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Publication numberUS7481492 B2
Publication typeGrant
Application numberUS 11/849,011
Publication dateJan 27, 2009
Filing dateAug 31, 2007
Priority dateSep 1, 2006
Fee statusLapsed
Also published asUS20080054695
Publication number11849011, 849011, US 7481492 B2, US 7481492B2, US-B2-7481492, US7481492 B2, US7481492B2
InventorsGilles Lhomme, Richard Biaud
Original AssigneeCosco Management, Inc.
Export CitationBiBTeX, EndNote, RefMan
External Links: USPTO, USPTO Assignment, Espacenet
Child restraint with swiveling juvenile seat and swivel-direction controller
US 7481492 B2
Abstract
A child restraint includes a seat support and a juvenile seat mounted to swivel about an axis on the seat support. The seat support is adapted to set on a vehicle seat.
Images(12)
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Claims(14)
1. A child restraint comprising
a seat support including a base adapted to set on a vehicle seat and a swivel coupled to the base,
a juvenile seat mounted on the swivel for swiveling motion on an arc relative to the base about an axis of rotation along a first portion of the arc between a left-facing entry position and a forward-facing travel position and along a second portion of the arc between the forward-facing travel position and a right-facing entry position, and
a swivel-direction controller coupled to the base and configured to cooperate with the base to selectively lock the juvenile seat against movement along a portion of an arc while providing means for selectively allowing swiveling motion of the juvenile seat relative to the base along one of the first portion of the arc while locked to permit movement of the juvenile seat back and forth between the left-facing entry position and the forward-facing travel position and the second portion of the arc while locked to permit movement of the juvenile seat back and forth between the forward-facing travel position and the right-facing entry position so that swiveling motion of the juvenile seat is limited to only one of the first and second portions of the arc at a time.
2. The child restraint of claim 1, wherein the swivel-direction controller includes a rotatable member mounted for rotation in the base about the axis of rotation, a seat mount coupled to the rotatable member to rotate therewith about the axis of rotation and coupled to the juvenile seat to support the juvenile seat for swiveling motion about the axis of rotation, a first anti-rotation stop coupled to the rotatable member and associated with the first portion of the arc, a second anti-rotation stop coupled to the rotatable member and associated with the second portion of the arc, and a direction-selector switch mounted for movement relative to the base at the option of a caregiver to engage one of the first anti-rotation stop to allow swiveling motion of the juvenile seat along the second portion of the arc and block swiveling motion of the juvenile seat along the first portion of the arc and the second anti-rotation stop to allow swiveling motion of the juvenile seat along the first portion of the arc and block swiveling motion of the juvenile seat along the second portion of the arc.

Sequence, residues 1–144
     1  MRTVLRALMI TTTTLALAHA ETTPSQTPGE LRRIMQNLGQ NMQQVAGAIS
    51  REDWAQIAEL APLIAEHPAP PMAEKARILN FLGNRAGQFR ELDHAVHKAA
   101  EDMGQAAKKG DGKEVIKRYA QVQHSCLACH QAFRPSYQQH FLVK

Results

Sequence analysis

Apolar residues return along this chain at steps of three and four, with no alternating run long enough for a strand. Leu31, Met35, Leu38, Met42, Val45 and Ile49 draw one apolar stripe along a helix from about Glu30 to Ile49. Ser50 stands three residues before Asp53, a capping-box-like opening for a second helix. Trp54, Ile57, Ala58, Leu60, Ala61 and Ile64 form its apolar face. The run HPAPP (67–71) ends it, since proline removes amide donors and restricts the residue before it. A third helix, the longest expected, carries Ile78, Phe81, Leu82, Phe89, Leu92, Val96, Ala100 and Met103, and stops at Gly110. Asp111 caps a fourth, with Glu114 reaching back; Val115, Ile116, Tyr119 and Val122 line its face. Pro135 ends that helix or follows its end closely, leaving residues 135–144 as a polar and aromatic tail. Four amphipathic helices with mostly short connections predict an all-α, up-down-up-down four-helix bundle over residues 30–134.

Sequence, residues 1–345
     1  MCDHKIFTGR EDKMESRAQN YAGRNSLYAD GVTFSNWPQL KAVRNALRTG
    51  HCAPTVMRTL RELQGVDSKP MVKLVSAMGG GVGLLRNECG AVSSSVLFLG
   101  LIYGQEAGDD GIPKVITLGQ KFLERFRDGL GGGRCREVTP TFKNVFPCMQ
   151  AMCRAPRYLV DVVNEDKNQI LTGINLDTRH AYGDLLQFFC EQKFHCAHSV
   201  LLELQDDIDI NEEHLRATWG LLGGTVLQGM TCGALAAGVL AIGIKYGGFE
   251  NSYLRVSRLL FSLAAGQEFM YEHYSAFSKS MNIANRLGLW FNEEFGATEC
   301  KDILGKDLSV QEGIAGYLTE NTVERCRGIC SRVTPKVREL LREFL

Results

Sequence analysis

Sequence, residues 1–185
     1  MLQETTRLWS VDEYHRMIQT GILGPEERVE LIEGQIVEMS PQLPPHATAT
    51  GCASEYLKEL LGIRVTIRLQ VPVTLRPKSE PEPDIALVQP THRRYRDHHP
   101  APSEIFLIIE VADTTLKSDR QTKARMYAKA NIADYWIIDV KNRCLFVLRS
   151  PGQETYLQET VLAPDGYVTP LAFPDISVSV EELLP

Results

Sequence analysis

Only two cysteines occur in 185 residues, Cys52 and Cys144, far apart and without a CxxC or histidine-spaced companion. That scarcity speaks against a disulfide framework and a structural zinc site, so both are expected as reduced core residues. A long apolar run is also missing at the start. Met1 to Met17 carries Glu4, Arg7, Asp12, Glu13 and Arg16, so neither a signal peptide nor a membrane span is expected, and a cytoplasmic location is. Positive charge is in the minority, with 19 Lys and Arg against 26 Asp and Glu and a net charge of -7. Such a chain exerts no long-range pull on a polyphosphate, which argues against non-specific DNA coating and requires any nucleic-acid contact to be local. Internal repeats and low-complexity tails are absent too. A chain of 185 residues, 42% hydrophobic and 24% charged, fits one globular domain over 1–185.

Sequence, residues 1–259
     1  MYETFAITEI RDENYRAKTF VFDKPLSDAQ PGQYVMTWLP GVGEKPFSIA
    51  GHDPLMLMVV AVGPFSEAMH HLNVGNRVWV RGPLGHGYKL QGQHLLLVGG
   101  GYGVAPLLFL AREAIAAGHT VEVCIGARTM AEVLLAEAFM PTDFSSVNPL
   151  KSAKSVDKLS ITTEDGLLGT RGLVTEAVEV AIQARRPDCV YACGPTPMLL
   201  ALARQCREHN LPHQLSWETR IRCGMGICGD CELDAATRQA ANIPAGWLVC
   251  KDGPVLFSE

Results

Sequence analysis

3. The child restraint of claim 2, wherein the direction-selector switch includes a block mover mounted for movement relative to the base and a rotation-inhibitor block coupled to the block mover for movement therewith and the rotation-inhibitor block is constrained to move in a block-receiving space provided between the first and second anti-rotation stops between a first position wherein the rotation-inhibitor block is positioned to engage the first anti-rotation stop on the rotatable member upon arrival of the juvenile seat at the forward-facing travel position to block swiveling motion of the juvenile seat along the first portion of the arc during swiveling motion of the juvenile seat on the arc from the left-facing entry position toward the right-facing entry position and a second position wherein the rotation-inhibitor block is positioned to engage the second anti-rotation stop on the rotatable wheel upon arrival of the juvenile seat at the forward-facing travel position to block swiveling motion of the juvenile seat along the second portion of the arc during swiveling motion of the juvenile seat on the arc from the right-facing entry position toward the left-facing entry position.
4. The child restraint of claim 3, wherein the first anti-rotation stop is located a first distance from the axis of rotation and the second anti-rotation stop is located a lesser second distance from the axis of rotation.
5. The child restraint of claim 3, wherein the base includes a bottom plate adapted to set on a vehicle seat and formed to include an opening exposing a grip tab included in the block mover and configured to be gripped by a user and moved in the opening to cause the rotation-inhibitor block to move in the block-receiving space between the first and second positions only when the base and the juvenile seat are inverted.
6. The child restraint of claim 3, wherein the block mover includes a plate formed to include a bottom side and a top side and a grip tab coupled to the bottom side and arranged to extend through an opening formed in the base during movement of the rotation-inhibitor block between the first and second positions and wherein the rotation-inhibitor block is coupled the top side of the plate.
7. The child restraint of claim 3, wherein the base includes a bottom plate and a foundation coupled to the bottom plate and arranged to lie between the juvenile seat and the bottom plate, the rotatable member is positioned to lie in a space provided between the foundation and the bottom plate and is formed to include a bottom surface facing toward the bottom plate and carrying the first and second anti-rotation stops, and the block mover and the rotation-inhibitor block are arranged to move relative to the rotatable member in a space provided between the rotatable member and the bottom plate.